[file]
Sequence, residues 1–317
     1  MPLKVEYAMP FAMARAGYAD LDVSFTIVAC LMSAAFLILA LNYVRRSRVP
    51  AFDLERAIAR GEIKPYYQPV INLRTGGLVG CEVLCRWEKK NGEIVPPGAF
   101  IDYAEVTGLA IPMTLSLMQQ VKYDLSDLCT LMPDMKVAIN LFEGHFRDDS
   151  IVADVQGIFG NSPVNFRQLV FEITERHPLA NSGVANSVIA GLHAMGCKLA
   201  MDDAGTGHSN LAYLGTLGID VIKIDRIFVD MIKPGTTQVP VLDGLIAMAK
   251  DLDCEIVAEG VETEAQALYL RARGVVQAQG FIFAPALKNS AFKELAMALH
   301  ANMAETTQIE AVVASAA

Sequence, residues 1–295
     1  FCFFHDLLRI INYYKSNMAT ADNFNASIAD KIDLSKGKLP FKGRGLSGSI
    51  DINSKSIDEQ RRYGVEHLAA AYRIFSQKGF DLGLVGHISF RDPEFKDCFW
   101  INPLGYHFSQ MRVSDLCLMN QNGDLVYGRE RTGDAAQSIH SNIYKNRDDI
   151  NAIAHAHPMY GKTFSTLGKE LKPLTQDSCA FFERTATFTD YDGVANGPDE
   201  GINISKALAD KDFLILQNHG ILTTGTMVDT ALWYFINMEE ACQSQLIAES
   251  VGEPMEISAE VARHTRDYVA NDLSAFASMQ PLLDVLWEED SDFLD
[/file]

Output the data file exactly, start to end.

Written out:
Sequence, residues 1–317
     1  MPLKVEYAMP FAMARAGYAD LDVSFTIVAC LMSAAFLILA LNYVRRSRVP
    51  AFDLERAIAR GEIKPYYQPV INLRTGGLVG CEVLCRWEKK NGEIVPPGAF
   101  IDYAEVTGLA IPMTLSLMQQ VKYDLSDLCT LMPDMKVAIN LFEGHFRDDS
   151  IVADVQGIFG NSPVNFRQLV FEITERHPLA NSGVANSVIA GLHAMGCKLA
   201  MDDAGTGHSN LAYLGTLGID VIKIDRIFVD MIKPGTTQVP VLDGLIAMAK
   251  DLDCEIVAEG VETEAQALYL RARGVVQAQG FIFAPALKNS AFKELAMALH
   301  ANMAETTQIE AVVASAA

Sequence, residues 1–295
     1  FCFFHDLLRI INYYKSNMAT ADNFNASIAD KIDLSKGKLP FKGRGLSGSI
    51  DINSKSIDEQ RRYGVEHLAA AYRIFSQKGF DLGLVGHISF RDPEFKDCFW
   101  INPLGYHFSQ MRVSDLCLMN QNGDLVYGRE RTGDAAQSIH SNIYKNRDDI
   151  NAIAHAHPMY GKTFSTLGKE LKPLTQDSCA FFERTATFTD YDGVANGPDE
   201  GINISKALAD KDFLILQNHG ILTTGTMVDT ALWYFINMEE ACQSQLIAES
   251  VGEPMEISAE VARHTRDYVA NDLSAFASMQ PLLDVLWEED SDFLD